A new departure for the EU?
At the end of July, the European Commission decided not to impose financial sanctions on Spain or Portugal, even though both countries had high budget deficits. How do you evaluate this decision in the light of the future of the Stability and Growth Pact?
The Commission determined that the rules had been violated but declined to impose fines. Such a decision is clearly admissible within the existing complex regulatory framework.
I have a certain degree of sympathy for its actions as long as the European Central Bank (ECB) monetary policy is on the cusp of zero rates. However, I would find it more convincing if fiscally stable countries were to take advantage of current extremely low interest rates to embark upon more robust investment for the future.
By implementing reforms over the last few years, the EU has tried to make the Pact more flexible and to tighten up the application of sanctions. But has this not led to increased complexity, opening up the way for decisions to be based upon political interests?
The rules have indeed become highly complex and the German government has played some part in this. At times it has seemed as if these new and overly complex fiscal rules were being assessed in terms of their usefulness within the national party in order to create majorities for rescue packages in the Bundestag. The practicalities of implementing these rules at European level perhaps did not carry enough weight.
Personally, I would be in favour of some tangible simplification. In my opinion, this should include a credible European insolvency mechanism for any Member States concerned and also some targeted support mechanisms for countries in crisis. Unfortunately this still all seems a long way off. Another reason for this can be cited: the EU has not yet been able to reach any agreement on how to handle debt overhang incurred by some Eurozone countries.
The Glienicke Group advocates a European economic government with clear rights of intervention and its own budget. How can this proposal bring Member States back to a sound budgetary policy?
We must create a structure for ensuring that future insolvencies in Member States can be managed properly and without major collateral damage. For this, as we are saying in the Glienicker Group, we need considerably “more Europe”.
It is easy to understand why this is the case. It would be unacceptable if Member State insolvencies such as these should lead to a major banking crisis, and that is why we need an even stronger banking union. It would also not be right for the citizens of a bankrupt Eurozone country to be deprived of fundamental life opportunities. Insurance mechanisms can help here, such as a European unemployment benefit scheme.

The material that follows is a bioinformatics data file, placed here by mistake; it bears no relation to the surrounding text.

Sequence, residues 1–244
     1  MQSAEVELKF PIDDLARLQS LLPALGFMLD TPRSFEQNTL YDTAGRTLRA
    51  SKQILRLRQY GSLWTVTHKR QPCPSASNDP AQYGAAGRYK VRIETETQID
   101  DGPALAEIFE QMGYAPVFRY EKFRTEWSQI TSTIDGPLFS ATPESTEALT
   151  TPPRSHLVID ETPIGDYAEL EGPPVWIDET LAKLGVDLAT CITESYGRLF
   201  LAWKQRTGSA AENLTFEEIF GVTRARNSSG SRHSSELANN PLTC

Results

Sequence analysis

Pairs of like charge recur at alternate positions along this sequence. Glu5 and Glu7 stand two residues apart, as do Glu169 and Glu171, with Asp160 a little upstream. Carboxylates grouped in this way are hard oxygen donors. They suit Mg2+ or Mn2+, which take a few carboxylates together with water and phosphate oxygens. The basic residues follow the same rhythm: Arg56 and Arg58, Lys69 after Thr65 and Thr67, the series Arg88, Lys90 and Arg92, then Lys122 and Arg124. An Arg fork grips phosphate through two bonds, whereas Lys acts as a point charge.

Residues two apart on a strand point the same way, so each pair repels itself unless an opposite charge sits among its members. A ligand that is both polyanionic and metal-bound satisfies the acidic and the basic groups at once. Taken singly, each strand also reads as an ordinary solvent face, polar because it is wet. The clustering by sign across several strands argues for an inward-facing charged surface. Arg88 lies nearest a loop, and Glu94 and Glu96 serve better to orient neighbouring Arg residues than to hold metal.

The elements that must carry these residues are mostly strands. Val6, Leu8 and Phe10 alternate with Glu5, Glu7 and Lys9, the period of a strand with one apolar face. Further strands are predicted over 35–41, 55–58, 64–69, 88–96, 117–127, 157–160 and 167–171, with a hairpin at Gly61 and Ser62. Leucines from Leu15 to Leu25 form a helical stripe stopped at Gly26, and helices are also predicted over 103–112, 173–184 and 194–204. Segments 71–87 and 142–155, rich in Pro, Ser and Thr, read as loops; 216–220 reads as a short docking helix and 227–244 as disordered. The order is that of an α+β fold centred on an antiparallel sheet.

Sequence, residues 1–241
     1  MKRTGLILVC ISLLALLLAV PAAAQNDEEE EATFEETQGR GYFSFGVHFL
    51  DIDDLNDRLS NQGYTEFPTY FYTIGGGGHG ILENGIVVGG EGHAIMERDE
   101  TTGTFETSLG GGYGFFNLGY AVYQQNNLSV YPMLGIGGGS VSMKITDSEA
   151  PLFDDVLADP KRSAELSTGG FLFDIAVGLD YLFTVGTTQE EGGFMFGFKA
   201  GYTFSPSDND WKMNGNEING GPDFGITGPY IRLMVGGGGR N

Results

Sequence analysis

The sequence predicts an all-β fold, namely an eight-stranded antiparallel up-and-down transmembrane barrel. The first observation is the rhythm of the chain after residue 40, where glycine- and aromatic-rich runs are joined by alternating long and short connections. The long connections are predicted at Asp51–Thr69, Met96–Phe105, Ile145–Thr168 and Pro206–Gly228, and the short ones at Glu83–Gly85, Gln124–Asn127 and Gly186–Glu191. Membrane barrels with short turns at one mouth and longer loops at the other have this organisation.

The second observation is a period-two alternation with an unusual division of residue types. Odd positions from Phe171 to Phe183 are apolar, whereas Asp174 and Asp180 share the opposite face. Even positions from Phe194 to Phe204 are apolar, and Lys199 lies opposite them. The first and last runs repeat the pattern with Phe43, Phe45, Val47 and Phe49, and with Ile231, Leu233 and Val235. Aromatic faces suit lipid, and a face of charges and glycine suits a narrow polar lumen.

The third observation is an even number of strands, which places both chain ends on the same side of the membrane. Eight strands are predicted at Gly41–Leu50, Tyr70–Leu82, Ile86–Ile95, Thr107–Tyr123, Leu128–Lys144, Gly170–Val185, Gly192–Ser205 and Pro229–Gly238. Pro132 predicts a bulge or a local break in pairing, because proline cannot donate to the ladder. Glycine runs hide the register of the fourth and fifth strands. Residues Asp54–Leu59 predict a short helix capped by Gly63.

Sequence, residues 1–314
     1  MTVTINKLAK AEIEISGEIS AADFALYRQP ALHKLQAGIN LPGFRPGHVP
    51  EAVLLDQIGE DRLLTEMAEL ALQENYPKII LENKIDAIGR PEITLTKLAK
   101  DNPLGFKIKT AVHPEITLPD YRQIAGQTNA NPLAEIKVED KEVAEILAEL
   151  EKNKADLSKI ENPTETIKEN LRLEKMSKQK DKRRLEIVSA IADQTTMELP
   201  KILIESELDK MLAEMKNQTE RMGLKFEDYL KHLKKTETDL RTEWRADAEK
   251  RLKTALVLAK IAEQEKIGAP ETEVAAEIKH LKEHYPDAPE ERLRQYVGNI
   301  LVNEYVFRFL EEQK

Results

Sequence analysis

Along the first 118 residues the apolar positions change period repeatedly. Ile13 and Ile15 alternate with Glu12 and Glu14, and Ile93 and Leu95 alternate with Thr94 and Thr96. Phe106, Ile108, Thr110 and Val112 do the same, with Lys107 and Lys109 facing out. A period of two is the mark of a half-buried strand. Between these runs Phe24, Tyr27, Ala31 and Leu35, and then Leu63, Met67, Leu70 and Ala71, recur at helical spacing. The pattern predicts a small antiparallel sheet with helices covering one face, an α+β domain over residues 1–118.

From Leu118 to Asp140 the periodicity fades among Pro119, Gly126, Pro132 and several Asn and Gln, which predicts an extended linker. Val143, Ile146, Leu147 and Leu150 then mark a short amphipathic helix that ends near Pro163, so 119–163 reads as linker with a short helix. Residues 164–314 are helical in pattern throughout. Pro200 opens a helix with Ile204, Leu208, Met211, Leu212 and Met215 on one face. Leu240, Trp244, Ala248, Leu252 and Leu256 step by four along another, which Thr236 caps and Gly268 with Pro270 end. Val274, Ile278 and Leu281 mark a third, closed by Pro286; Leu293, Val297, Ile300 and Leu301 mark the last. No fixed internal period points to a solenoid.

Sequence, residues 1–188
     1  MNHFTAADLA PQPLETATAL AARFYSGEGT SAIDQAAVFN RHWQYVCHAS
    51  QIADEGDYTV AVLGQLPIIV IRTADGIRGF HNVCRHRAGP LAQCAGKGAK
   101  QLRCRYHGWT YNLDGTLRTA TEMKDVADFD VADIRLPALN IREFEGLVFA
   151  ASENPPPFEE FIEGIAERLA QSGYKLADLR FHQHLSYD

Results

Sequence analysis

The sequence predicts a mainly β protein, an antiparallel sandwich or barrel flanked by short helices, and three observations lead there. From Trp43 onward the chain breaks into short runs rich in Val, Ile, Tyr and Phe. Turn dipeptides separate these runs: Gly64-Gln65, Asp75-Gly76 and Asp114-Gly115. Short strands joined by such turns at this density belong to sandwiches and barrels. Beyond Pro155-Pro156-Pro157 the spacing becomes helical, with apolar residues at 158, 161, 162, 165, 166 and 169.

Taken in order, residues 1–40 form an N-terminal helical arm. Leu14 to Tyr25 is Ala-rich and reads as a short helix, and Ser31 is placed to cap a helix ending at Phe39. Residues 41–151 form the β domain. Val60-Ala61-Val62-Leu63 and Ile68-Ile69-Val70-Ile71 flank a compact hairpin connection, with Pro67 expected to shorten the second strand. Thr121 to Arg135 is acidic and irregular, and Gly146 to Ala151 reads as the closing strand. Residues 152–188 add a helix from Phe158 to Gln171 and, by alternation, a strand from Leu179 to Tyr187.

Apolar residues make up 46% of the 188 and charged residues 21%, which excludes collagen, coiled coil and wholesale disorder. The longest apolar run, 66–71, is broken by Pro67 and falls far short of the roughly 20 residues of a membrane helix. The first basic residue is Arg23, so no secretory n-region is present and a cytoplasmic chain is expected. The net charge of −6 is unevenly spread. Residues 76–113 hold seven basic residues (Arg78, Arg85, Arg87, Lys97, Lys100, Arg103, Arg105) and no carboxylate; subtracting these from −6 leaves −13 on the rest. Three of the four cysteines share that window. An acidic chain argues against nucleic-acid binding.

Moreover, if a Member State becomes bankrupt this should not, under any circumstances, jeopardise European assets. I am referring here to our humanitarian work with refugees and the protection of external borders, where unfortunately both areas are still largely financed and organised at national level. Here too we need European money and European solutions.
To put this into practice we are in favour of a Euro-Budget, an economic government and a Euro-Parliament in order to reinforce democratic legitimacy; this is our proposal.
Would your proposal for the formation of a European economic government also lead to the communitisation of national debts?
Not at all. The objective of a properly structured insolvency mechanism for Member States is much more about achieving genuine individual responsibility for creditors. And here’s another question: under what circumstances is it permissible for a Euro government itself to be able to become indebted?
How would it possible to guarantee that the newly created institutions remain free from political influence while at the same time remaining democratically legitimate?
It is true that a European economic government must be democratically accountable to its citizens, especially through being made subject to political controls by elected parliaments and through regular elections. Allowing citizens to hold political influence is not just a desirable objective, it is – must be – an essential constitutional right in Europe.
The interview was conducted by Markus Vennewald
Policy Adviser for Social & Economic Affairs at COMECE
Translated from the original text in German
The views expressed in europeinfos are those of the authors and do not necessarily represent the position of COMECE and the Jesuit European Office.